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Money, Inflation, and Growth in Pakistan

  • Abdul Qayyum

    (Pakisatn Institute of Development Economics, Islamabad.)

This paper attempts to investigate the linkage between the excess money supply growth and inflation in Pakistan and to test the validity of the monetarist stance that inflation is a monetary phenomenon. The results from the correlation analysis indicate that there is a positive association between money growth and inflation. The money supply growth at first-round affects real GDP growth and at the second round it affects inflation in Pakistan. The important finding from the analysis is that the excess money supply growth has been an important contributor to the rise in inflation in Pakistan during the study period, thus supporting the monetarist proposition that inflation in Pakistan is a monetary phenomenon. This may be due to the loose monetary policy adopted by the State Bank of Pakistan to show the high priority of the growth objective. The important policy implication is that inflation in Pakistan can be cured by a sufficiently tight monetary policy. The formulation of monetary policy must consider development in the real and financial sector and treat these sectors as constraints on the policy.

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File URL: http://www.pide.org.pk/pdf/PDR/2006/Volume2/203-212.pdf
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Article provided by Pakistan Institute of Development Economics in its journal The Pakistan Development Review.

Volume (Year): 45 (2006)
Issue (Month): 2 ()
Pages: 203-212

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Handle: RePEc:pid:journl:v:45:y:2006:i:2:p:203-212
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  1. Allsop, Christopher & Vines, David, 2000. "The Assessment: Macroeconomic Policy," Oxford Review of Economic Policy, Oxford University Press, vol. 16(4), pages 1-32, Winter.
  2. Pesaran,H.M. & Shin,Y., 1995. "Long-Run Structural Modelling," Cambridge Working Papers in Economics 9419, Faculty of Economics, University of Cambridge.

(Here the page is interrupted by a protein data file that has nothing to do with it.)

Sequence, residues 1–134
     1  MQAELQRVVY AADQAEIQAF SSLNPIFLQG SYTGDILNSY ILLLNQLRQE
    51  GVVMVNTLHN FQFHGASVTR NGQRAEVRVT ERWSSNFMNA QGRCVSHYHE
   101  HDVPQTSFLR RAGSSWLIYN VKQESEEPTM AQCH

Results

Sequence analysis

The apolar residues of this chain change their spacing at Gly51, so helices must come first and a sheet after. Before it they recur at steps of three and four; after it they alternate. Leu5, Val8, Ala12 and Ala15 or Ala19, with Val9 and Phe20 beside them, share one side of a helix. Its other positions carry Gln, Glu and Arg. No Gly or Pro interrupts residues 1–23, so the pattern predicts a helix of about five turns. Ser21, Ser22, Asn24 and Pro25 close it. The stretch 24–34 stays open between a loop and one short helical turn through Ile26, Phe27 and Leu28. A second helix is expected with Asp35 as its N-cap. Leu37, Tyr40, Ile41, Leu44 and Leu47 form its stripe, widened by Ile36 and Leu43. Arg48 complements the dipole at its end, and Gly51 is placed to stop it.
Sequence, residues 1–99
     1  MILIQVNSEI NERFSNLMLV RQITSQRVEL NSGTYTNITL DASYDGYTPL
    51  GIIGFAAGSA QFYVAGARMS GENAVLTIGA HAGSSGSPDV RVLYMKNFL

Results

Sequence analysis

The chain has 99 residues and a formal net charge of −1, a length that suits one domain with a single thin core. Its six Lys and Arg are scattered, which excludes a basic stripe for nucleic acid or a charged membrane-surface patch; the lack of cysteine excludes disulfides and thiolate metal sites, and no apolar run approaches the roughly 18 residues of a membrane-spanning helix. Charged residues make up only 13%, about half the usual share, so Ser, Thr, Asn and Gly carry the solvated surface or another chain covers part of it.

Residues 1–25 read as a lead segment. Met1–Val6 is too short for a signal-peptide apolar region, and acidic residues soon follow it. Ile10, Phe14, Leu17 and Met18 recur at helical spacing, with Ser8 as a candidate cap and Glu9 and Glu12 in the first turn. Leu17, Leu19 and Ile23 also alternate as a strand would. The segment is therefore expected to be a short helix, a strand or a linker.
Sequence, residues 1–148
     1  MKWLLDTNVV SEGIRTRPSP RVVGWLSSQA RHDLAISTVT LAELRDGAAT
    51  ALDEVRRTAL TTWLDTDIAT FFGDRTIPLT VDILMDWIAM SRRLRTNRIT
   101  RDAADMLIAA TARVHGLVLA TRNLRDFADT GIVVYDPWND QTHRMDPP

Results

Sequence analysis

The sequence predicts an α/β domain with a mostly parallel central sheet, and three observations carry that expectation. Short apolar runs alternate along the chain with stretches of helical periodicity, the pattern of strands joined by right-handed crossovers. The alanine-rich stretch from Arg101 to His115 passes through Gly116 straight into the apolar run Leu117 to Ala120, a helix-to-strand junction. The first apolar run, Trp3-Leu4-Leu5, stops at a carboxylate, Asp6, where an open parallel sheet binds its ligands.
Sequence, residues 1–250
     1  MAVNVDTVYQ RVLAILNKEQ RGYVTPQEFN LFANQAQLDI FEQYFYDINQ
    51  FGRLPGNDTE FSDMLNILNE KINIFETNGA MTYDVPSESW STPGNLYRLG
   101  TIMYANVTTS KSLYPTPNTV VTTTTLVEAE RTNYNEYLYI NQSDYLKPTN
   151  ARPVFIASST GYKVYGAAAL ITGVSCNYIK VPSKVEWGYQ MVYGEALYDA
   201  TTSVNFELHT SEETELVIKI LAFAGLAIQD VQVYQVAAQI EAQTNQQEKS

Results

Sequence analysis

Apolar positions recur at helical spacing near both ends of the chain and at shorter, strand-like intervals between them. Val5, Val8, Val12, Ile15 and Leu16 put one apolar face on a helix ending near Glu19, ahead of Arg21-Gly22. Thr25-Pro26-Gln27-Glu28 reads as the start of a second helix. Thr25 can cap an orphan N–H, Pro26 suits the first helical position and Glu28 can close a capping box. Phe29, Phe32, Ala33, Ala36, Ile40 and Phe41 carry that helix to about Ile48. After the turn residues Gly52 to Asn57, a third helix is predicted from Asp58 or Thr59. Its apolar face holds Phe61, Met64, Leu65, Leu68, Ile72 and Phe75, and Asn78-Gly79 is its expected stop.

3. Cecchetti, Stephen G, 2000. "Making Monetary Policy: Objectives and Rules," Oxford Review of Economic Policy, Oxford University Press, vol. 16(4), pages 43-59, Winter.
  4. Md. Akhtar Hossain, 1986. "Monetary Disequilibrium and Inflation. A Monetary Model of Inflation in Pakistan, 1963-82," The Pakistan Development Review, Pakistan Institute of Development Economics, vol. 25(2), pages 141-162.
  5. Gerald P. Dwyer, Jr. & R.W. Hafer, 1999. "Are money growth and inflation still related?," Economic Review, Federal Reserve Bank of Atlanta, issue Q2, pages 32-43.
  6. George T. McCandless, Jr. & Warren E. Weber, 1995. "Some monetary facts," Quarterly Review, Federal Reserve Bank of Minneapolis, issue Sum, pages 2-11.
  7. Hodrick, Robert J & Prescott, Edward C, 1997. "Postwar U.S. Business Cycles: An Empirical Investigation," Journal of Money, Credit and Banking, Blackwell Publishing, vol. 29(1), pages 1-16, February.
  8. M. Aynul Hasan & Ashfaque H. Khan & Hafiz A. Pasha & M. Ajaz Rasheed, 1995. "What Explains the Current High Rate of Inflation in Pakistan?," The Pakistan Development Review, Pakistan Institute of Development Economics, vol. 34(4), pages 927-943.
  9. M. Hashem Pesaran & Yongcheol Shin & Richard J. Smith, 2001. "Bounds testing approaches to the analysis of level relationships," Journal of Applied Econometrics, John Wiley & Sons, Ltd., vol. 16(3), pages 289-326.
  10. Qayyum, Abdul & Bilquees, Faiz, 2005. "P-Star Model: A Leading Indicator of Inflation for Pakistan," MPRA Paper 2058, University Library of Munich, Germany, revised 2005.
  11. Robert J. Gordon, 1983. "The Conduct of Domestic Monetary Policy," NBER Working Papers 1221, National Bureau of Economic Research, Inc.
  12. Michael D. Bordo & Lars Jonung, 1989. "The Long-Run Behavior of Velocity: The Institutional Approach Revisited," NBER Working Papers 3204, National Bureau of Economic Research, Inc.
  13. Faiz Bilquees, 1988. "Inflation in Pakistan: Empirical Evidence on the Monetarist and Structuralist Hypotheses," The Pakistan Development Review, Pakistan Institute of Development Economics, vol. 27(2), pages 109-129.
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